“Yeah hang on a second there Pete.” I shifted the phone to my other ear so I could grab my cell phone. “Go on, I’m listening.” I brought up the screen on my cell phone to see a text message from my wife asking if I’d done the research on website design I’d promised. Setting the cell phone down I tried to shift my desk phone back to my other ear. Only to drop it on the desk.
Scrabbling it up I tried to sound nonchalant, “Oh sorry, wind caught my office door.” Pete started talking again so I hit the mute button and then put the phone on speaker so I had two hands free. While Pete continued on about the project status, I think Bill was actually asking some questions now though it wasn’t important, I brought up my web browser and quickly shifted it to my second screen so it wouldn’t block the web session I was hosting. I needed to get my wife an answer. I could do that while the conversation went along, just had to keep it on track.
“Yeah, Pete, that’s a good point. Can you talk about how you’re going to…” Why were people talking over me like I was on… Oh right. I hit the mute button and steered the conversation back the right direction.
Mute back on I dove into the website I had pulled up.
Why was the phone ringing and people talking at the same time. Oh, cell phone. “Yeah, honey I’m looking at it right now. What? No, hang on.”
Unmute, “Yeah, Bill can we get a summary of the Icarus work?”
Back to my wife, “No, I haven’t had a chance to do anything, I’ve had thing to get done first.”
“What, no, Bill Icarus is the highest priority I, uh, had someone come into my office. Please proceed.”
“Honey, what? No, I understand how important this is. Hang on.”
Unmute “Yes, Pete the website will be ready on June 12.” Mute
“Now honey,” Oh crap, did I just.
UnMute, “I mean the software release will be ready on June 12, sorry about that.”
And before I could hit the mute button a massive hair covered hand reached over me to hang up my desk phone. Before I could protest, another similarly hirsute hand plucked my cell phone from my ear. “Mrs. BC, he’ll need to call you back. Oh, I’m good, thanks. Just doing a little intervention. Yeah, he’ll be better. Soon.”
“Hogarth!” I snapped, trying to snatch the phone out of his hand. “I’m working here!”
My gorilla drew back across the desk and settled into my guest chair with a creaking groan of protest from the chair. “Really,” he said, “It looks more like you are juggling, badly.”
“Wha…” I tried to come up with something sharp to say, but the image of dropping my desk phone wouldn’t leave my mind.
Hogarth set my phone down on the desk. “Think of it this way, ever seen a juggler try to eat an apple while he’s juggling?” I gave a mute nod and Hogarth continued, “Yeah, it’s a mess isn’t it? The worse one I ever saw was the guy juggling one apple and three eight-balls.” Hogarth shook his head, “I hope he had a good dental plan.”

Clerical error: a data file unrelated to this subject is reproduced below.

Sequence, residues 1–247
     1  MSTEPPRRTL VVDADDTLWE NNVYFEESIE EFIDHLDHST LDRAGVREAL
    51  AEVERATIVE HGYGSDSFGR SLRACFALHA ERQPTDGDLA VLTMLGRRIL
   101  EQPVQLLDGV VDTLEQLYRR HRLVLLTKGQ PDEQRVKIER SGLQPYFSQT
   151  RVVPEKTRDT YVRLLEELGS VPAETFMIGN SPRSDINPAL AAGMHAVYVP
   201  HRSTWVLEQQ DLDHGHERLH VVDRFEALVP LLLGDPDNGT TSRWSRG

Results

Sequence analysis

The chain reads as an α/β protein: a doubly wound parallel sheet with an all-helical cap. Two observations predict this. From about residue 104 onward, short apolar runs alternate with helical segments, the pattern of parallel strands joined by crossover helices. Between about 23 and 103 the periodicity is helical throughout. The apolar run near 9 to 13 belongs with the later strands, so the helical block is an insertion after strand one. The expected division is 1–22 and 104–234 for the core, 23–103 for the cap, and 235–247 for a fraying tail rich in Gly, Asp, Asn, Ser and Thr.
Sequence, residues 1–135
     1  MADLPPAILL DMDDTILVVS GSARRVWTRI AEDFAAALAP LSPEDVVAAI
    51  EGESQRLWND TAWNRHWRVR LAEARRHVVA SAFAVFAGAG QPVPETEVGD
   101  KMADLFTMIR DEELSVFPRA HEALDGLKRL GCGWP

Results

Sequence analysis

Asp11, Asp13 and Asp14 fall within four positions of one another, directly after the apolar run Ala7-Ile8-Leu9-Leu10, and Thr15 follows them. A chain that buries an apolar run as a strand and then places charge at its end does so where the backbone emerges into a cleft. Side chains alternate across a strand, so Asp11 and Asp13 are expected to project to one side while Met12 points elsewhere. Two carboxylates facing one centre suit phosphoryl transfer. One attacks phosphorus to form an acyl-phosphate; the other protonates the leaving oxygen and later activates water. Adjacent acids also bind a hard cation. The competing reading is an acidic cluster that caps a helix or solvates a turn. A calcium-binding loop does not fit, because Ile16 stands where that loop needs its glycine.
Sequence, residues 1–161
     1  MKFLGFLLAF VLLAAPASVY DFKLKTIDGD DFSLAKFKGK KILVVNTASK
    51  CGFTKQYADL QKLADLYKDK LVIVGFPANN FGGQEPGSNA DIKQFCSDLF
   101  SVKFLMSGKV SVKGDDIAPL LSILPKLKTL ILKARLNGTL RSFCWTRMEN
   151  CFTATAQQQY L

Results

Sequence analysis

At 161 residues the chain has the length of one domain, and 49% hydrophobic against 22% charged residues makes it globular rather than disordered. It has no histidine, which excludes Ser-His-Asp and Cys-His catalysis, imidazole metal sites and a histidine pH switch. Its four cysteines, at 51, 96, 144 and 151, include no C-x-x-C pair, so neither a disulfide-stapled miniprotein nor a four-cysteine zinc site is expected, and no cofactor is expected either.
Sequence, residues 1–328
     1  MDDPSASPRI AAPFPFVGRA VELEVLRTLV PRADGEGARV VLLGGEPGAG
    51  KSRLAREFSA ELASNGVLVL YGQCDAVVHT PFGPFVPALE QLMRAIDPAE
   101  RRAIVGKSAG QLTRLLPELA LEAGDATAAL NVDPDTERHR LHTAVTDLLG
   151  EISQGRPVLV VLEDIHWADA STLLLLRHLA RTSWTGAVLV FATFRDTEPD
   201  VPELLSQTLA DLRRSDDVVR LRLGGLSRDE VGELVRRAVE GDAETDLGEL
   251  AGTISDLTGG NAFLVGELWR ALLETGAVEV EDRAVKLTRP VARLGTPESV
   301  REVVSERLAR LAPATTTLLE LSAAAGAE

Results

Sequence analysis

MULTITASKING IS NO TASKING
Let’s do a little exercise. You’ve got a smart phone, right? If you don’t I’m betting you have a watch with a second hand. If you have both, pick your poison. You’ll also need a piece of scratch paper and a pencil or pen.
For the next fifteen seconds I want you to write from number 1 to as high as you can get in that time. Ready? Go!
Okay, how far did you get? Not bad, huh?
Another fifteen seconds now. This time I want you to alternate between numbers and the alphabet. 1A2B3C etc. Ready? Go!
Wow… didn’t get as far, did you?
And these are easy tasks. Try a third time only this time start at number one and the letter Z. Go forwards on the numbers and backwards on the letters.
Yeah, didn’t go so well did it?
Multitasking is not really multitasking. Instead what we are doing reminds me of the early days of main frame computers. We have one CPU, our brain, which can only do one primary task at a time. We aren’t multitasking, we are switch-tasking. Like the main frames of the 1960s and 70s where the CPU would give each user a slice of time and constantly rotate. Only, we are not computers and that means we can’t switch tasks instantly like those old IBM main frames could.
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The human brain is not capable of focusing on more than one primary task at a time. Yes, we can do a lot of secondary things (breathing, peripheral vision, etc.), we can only face one focused tasked at a time. We might be able to switch quickly from task to task. We just won’t be nearly as efficient as focusing on a single task. The cost of switching tasks high.
Some studies say we can take up to fifteen minutes to get back on track after being interrupted. If we are multitasking, we are interrupting ourselves.
The same thing applies to teams, that applies to people. If your team is only working 50% of the time on your project, the reality is they are probably only working 40% on your project as they have the overhead of switching back and forth between your project and other projects. The more projects they are working on, the less time they can devote to each project.
Jim Highsmith, in Agile Project Management gives a great example of a team doing multitasking. In the first example, the team switches between three projects, one day on project one, two days on project two, etc. In the second example, the team works on project one until it is done, then moves to the next project.
In the multitask example, the first project completes on day 48 and all three projects are done on on day 52.
In the sequential projects, project one is done on day 20 and all three projects are done by day 36.
I’m no math major and I can tell sequential is a better idea. The first project is done in less than half the time and all of them are done in two thirds the time.
Multitasking, all it does it make you look busy.
Do the math.